With both chronographs producing numbers that are this close to each other across a string of 20 shots, it is clear that both are quality units. Though interpretation of the data can raise some interesting questions. For instance, take a look at shots 15 and 16. Here we have an instance of both chronographs agreeing that two separate rounds fired had the exact same velocity, and each of them reported that same velocity on the nose. This brings up an interesting point about the magnetospeed. Had it not been for its display showing the last shot fired at the exact same velocity, one could assume that the shot may not have been recorded at all! This has happened to me countless times over the years when using chronographs that only displayed the velocity of the most recent shot. However when glancing at the Magnetospeed, it was very clear I had indeed fired another shot and it did indeed record it at the exact same velocity. Was this simply a strange statistical anomaly, or are some chronographs more accurate than we think they are?
There are many other questions which are outside the scope of this article, but lets take a second to recognize some additional talking points: Does the Magnetospeed change barrel harmonics and negate the possibility of load development with it attached? Which is easier to setup? Which produces the most accurate velocities? Which is less affected by conditions and environment? Which costs less? Which is easier to transport? The answers to some of these questions are very easy to produce, while others are much harder to quantify.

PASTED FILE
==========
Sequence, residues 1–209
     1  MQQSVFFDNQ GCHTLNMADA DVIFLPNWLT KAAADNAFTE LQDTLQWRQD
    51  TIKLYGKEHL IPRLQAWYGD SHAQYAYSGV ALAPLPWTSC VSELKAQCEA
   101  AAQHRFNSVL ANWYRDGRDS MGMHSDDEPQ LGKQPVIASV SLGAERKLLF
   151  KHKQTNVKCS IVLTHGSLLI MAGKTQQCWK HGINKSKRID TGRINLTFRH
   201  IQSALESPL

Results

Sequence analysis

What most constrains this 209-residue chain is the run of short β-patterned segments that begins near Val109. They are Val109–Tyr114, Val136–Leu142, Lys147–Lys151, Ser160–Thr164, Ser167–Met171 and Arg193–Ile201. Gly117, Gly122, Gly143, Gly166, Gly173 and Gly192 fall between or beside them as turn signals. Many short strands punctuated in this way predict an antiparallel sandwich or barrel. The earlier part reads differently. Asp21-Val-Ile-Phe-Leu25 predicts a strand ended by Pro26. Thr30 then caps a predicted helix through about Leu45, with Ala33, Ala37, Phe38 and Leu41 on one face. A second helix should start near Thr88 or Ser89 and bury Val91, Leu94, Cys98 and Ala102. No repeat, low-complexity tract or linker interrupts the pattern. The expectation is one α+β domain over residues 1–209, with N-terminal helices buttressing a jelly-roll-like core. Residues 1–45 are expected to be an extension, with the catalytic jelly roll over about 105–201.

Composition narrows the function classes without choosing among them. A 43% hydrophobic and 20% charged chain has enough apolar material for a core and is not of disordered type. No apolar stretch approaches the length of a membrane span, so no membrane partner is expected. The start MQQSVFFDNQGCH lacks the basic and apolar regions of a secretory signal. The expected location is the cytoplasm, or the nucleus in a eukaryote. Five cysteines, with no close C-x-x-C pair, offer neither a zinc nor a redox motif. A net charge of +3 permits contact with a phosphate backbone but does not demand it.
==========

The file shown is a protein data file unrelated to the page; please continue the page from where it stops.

It's hard to say if the Magnetospeed affects harmonics or not. My time working with rimfires and tuners leads me to believe that it absolutely will. As little as 2 ounces added to a barrels end or moving the tuner in or out 2 thousandths of an inch can cause drastic changes in how they perform. However, I've not specifically tested on/off modes to see whether it does or not on a centerfire. So while logic and experience is telling me one thing, I have no proof. That being said, I will not do load development with the Magnetospeed attached. I will have it on when doing a pressure ladder, to see whether the components selected will even get me in the ball park velocity-wise, and then take it off for the actual OCW.
Ease of setup, use, and transport goes to the Magnetospeed without question. The PVM is decidedly european, and thus needlessly complex with a remote control being required for its operation. Very time consuming to setup properly as well. The Magnetospeed however is very intuitive and easy to attach and use. No fuss what so ever. The ability to handle adverse conditions would also go to the Magnetospeed. If a good wind is kicking, it is very hard to get the PVM to stay still on even the nicest of tripods. The PVM-21 will run you about $1000 by the time you get all the battery packs and chargers required for off-grid operation, while the Magnetospeed V3 can be had for $400. For these reasons, it would be foolish to overlook the Magnetospeed if you are going to buy a chrono.
Now lets take a look at what a short barrel does on a 22-250. When I collected the velocity on the factory barrel, it was done with the PVM, so that is the average velocity we will use. Coming from the 24" barrel we lost 258fps. Dividing that among the 8" of barrel removed, we come to a 32fps per inch of barrel lost on average. I would bet the fps per inch from 24-20 was considerably lower than that from 20" to 16". There it is, the hard data I was looking for! Now, when you take a look around and see people regurgitating that 50fps per inch number, you can realize just how terribly misinformed they really are. I've done similar testing with a 223rem and 308win... and both were closer to 25fps than they were to 50fps per inch.
Remember, the same load from the same exact lot numbers of components were used for each barrel length. I would bet 5 million illegal immigrants that I could squeeze some more FPS and much better ES out of this rifle if I went back and did a fresh load development. Better still, I'm going to get it back to Travis @ TS Customs to re-barrel it with a good Benchmark tube and go from there. This was a fun and illuminating exercise.